Have you ever been trapped in an unexpected torrential downpour? Weather forecasting systems have always tried to anticipate adverse weather events. These systems, however, are heavily dependent on bulky, stationary, expensive equipment such as weather radar, impeding timely updates on local weather conditions for personal use. Tackling this gap in knowledge and practicality, a research team from Osaka Metropolitan University and the University of Tokyo developed an attachable and lightweight sensor sheet that features a flexible resistive sensor and a reservoir computing analysis.
This single device allows simultaneous real-time measurement of raindrop volume and wind speed, reporting weather information when attached to umbrellas, cars, or houses. Research lead Professor Kuniharu Takei of Osaka Metropolitan University noted, “The findings open up a promising economical approach to weather reporting, contributing to disaster preparedness and greater community safety.”
To determine rain volume, the sensor measures the electrical resistance generated when a raindrop hits its surface. It is protected by a superhydrophobic silicone sheet of polydimethylsiloxane (PDMS), which is infused with graphene and further processed with a laser. The superhydrophobic silicone repels water droplets, ensuring the durability and stability of the sensor. Laser texturing allows constant control and measurement of the behavior of water droplets, be they staying, sliding, bouncing, or splitting on the sensor surface.
The sensor can be easily fixed to a wide range of surfaces and remains functional when flat or bent. Testing changes in rain volume estimations with the sensor mounted at various angles showed no significant differences, suggesting that the sensor can be attached to hand-carried items such as umbrellas. If widely adopted, it would be possible to obtain mass data that enables the development of real-time local weather maps.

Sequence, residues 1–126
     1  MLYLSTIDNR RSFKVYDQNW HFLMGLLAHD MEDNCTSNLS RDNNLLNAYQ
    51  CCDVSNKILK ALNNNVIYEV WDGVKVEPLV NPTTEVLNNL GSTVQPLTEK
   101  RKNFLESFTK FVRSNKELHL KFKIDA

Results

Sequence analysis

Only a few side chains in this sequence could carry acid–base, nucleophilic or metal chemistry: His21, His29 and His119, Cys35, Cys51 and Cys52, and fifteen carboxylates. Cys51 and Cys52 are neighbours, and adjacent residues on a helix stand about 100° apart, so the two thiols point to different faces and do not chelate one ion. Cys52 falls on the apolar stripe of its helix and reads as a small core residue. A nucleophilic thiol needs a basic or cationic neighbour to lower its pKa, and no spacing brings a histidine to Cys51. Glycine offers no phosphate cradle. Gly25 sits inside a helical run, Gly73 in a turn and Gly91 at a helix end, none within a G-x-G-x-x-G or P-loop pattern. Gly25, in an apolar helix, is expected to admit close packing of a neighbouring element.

Wind speed has a significant effect on water droplet behavior, indicating the need to measure wind speed at the same time as raindrop volume. Conventionally, measuring multiple pieces of weather data requires multiple sensors, increasing power consumption. Going beyond this traditional practice, the researchers made use of a machine learning algorithm called reservoir computing (RC) to analyze the output data. Changes in rain and wind conditions resulted in resistance changes, which were detected by the sensor and then recorded as time-series data. Such data was used to train the machine, which predicted the pattern and reported rain volume and wind speed as output information.
Even though there is still more work to be done to further improve its accuracy, the sensor is expected to be a mainstay of next-generation weather sensing, progressing the United Nations Sustainable Development Goals on resilient infrastructure, sustainable cities, and climate action. “We believe this device can contribute to realizing the ultimate Internet-of-Things society, which is safe, secure, comfortable, and disaster-free,” concluded Professor Takei, “and we would like to engage actively in industry-government-academia collaboration that promotes such practical applications.”